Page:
After canceling the production in 2020 due to COVID-19 and postponing for almost two years, Lehigh’s Department of Theatre presents “Godspell: In Concert.” The performance opened March 4 in the Diamond Theater at Zoellner Arts Center.
The 2020-2021 theater season featured several fully virtual productions, however the department is now transitioning back to in-person engagement. “Godspell: In Concert,” will offer performances on March 9, 10, 11 and 12 at 7:30 p.m..
“Godspell” features hit songs ranging from pop to vaudeville. One of the songs included is chart-topping “Day by Day,” composed by Grammy and Academy Award-winner Steven Schwartz. The show, based on a book by John-Michael Tebelak, first opened on Broadway in 1971, with a film adaptation premiering in 1973.
Lehigh’s production features an ensemble of 10 students and a backing band. The story follows the journey of Jesus Christ and the Apostles.
Julian Abergas, ‘24, a performer in the show, recognized that there might be a misconception that “Godspell” isn’t exciting, but he is looking forward to the community supporting the performance.
“Religion can be a touchy subject sometimes,” Abergas said. “Maybe for those who are, I guess, more conservative with their religion, they might be judging. I just want them to have fun and keep their mind open.”
Nicholas Conti, musical director for the show, said this semester’s production is a slightly different variation from what was planned in 2020. He said the show is now presented as a rock style concert rather than the traditional musical. Conti said in the show the Diamond Theater is meant to emulate a large church service with the audience as the congregation.
The cast is a mix of original members from two years ago and new additions taking on different roles. Conti said this mix of returners and new members displays the determination of the department to follow through with the production.
“It was really a sort of case study of resiliency over the past two years,” Conti said.
Eva Ehrich, ‘22, the stage manager for the production, said she was in the same position for the show in 2020 and was brought back for her experience in theater and managing.
As stage manager, Ehrich said she helps with the casting process, runs the production meetings, serves as the point of contact for the show, makes sure everyone knows their role and calls cues. She is the first to open the theater and the last to leave.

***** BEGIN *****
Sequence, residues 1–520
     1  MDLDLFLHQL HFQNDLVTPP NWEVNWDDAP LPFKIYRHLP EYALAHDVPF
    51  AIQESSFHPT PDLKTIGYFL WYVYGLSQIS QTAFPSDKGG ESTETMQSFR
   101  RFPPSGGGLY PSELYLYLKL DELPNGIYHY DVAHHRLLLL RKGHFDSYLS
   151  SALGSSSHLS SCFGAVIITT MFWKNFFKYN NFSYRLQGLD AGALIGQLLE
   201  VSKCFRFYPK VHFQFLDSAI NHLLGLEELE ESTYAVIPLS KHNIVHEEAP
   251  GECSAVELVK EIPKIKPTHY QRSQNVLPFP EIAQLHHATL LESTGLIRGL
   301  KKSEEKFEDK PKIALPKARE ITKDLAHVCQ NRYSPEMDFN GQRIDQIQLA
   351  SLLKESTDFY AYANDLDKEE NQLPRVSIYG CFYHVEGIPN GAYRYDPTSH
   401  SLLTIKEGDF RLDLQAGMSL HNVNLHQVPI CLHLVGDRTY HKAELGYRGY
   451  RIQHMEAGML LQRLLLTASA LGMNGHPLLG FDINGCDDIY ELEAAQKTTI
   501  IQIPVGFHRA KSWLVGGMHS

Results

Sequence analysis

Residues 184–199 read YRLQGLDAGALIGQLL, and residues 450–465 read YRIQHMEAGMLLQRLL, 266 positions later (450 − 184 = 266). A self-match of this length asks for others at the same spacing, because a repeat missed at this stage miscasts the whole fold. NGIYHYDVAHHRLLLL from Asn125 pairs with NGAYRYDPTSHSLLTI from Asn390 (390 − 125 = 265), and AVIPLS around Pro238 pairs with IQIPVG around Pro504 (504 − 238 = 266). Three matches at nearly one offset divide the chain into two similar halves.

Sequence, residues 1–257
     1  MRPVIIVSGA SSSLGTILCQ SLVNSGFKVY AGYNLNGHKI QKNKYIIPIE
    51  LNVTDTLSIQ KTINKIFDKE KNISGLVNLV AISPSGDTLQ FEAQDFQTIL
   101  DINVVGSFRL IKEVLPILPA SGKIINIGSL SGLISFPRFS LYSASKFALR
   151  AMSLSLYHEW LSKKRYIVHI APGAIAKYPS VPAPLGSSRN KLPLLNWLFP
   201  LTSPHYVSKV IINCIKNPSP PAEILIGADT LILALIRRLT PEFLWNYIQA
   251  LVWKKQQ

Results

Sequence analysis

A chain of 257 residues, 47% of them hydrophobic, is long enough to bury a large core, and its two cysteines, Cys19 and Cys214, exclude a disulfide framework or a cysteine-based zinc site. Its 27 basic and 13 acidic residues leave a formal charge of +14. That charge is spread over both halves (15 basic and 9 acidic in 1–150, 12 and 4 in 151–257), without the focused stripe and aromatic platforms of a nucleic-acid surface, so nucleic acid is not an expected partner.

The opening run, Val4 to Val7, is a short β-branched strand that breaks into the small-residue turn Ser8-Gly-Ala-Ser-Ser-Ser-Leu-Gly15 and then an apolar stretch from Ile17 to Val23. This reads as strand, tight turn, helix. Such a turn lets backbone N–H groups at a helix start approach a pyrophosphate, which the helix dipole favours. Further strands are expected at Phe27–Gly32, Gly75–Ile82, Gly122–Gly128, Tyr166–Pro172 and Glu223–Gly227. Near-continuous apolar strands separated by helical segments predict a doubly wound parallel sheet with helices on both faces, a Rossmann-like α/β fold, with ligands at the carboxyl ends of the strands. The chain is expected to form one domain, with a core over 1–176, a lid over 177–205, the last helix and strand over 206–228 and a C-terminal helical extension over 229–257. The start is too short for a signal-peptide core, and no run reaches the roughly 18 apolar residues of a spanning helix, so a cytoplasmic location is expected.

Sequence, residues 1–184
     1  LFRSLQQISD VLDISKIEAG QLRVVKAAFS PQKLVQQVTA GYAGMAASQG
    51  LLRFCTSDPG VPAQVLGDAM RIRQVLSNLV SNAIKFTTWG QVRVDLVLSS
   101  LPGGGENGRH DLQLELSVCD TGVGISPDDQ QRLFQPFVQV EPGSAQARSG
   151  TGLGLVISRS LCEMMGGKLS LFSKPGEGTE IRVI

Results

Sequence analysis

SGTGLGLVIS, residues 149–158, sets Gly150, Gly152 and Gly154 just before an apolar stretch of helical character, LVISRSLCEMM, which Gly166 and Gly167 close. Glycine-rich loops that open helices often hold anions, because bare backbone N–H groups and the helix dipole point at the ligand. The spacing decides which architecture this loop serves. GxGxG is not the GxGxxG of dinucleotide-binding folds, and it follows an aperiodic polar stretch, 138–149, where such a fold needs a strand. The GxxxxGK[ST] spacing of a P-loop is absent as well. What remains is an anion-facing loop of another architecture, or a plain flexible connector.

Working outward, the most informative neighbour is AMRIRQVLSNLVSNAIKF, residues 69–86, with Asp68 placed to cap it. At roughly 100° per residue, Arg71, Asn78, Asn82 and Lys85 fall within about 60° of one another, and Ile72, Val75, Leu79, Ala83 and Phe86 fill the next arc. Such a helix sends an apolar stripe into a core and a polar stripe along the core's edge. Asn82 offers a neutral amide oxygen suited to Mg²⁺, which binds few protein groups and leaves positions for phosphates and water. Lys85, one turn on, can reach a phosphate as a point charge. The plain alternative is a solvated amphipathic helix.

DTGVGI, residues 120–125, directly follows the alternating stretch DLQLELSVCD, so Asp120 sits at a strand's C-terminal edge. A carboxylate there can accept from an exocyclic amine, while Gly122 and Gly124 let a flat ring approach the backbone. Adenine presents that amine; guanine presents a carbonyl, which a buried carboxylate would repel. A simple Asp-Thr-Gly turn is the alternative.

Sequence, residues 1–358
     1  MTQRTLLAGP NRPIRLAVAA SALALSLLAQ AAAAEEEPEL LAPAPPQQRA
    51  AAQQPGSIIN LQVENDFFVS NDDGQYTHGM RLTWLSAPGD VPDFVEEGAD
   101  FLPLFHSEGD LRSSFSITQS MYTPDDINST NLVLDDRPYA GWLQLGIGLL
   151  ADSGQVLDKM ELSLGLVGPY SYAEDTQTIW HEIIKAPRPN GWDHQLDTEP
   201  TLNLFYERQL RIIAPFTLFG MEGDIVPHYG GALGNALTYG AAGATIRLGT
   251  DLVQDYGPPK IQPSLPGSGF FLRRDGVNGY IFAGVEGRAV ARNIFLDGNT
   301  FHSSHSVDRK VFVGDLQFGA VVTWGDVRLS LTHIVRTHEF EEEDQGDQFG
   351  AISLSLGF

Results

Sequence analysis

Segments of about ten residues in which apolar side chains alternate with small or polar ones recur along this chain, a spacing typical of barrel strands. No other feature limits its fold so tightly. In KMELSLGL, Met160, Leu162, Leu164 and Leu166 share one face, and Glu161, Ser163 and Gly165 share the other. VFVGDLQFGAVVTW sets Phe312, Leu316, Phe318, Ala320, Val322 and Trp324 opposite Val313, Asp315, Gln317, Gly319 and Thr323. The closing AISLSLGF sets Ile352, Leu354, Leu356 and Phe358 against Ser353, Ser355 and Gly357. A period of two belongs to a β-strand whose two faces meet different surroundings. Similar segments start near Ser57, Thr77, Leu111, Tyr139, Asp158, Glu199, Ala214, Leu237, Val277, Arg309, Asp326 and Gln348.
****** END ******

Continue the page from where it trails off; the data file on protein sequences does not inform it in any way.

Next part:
“We’ve been on this road for two years and, here it is, it’s happening,” Ehrich said. “That was a really rewarding moment.”
In the original production of “Godspell,” most of the characters were named after the actors. For example, in Lehigh’s rendition, Abergas plays Juju in the show – the name most of his friends call him.
Abergas said he did theater in high school and wanted to continue that experience at Lehigh and saw that opportunity with “Godspell.”
“I felt really happy that my first role at Lehigh was something that showcased my personality and expressiveness,” Abergas said.
A large portion of the cast and production staff began working on the show in November 2021. Ehrich said the most difficult part of coming back in person was getting back into the time consuming role as stage manager. She said this is her first musical that has progressed to this stage of production.
On opening night, Conti said he was most looking forward to seeing the audience’s reactions to the show.
“They’re (the cast) so excited to present this story,” Conti said. “It’s an emotional story. It’s fun. There’s some improv. The actors are really having a great time inventing the story a little bit differently every night.”
Abergas said he was initially nervous, hearing the audience’s chatter as he was down in the dressing room, but felt comfortable once he went on stage. He said “Godspell” was a fun first show and he had a great time throughout the performance.
Being in a smaller ensemble has also allowed cast members to form close relationships with one another. Abergas said in working on the show, he has enjoyed the company of his cast members, which has ultimately helped him mentally and socially.
“I get to see my cast members and have fun and sing with them,” Abergas said.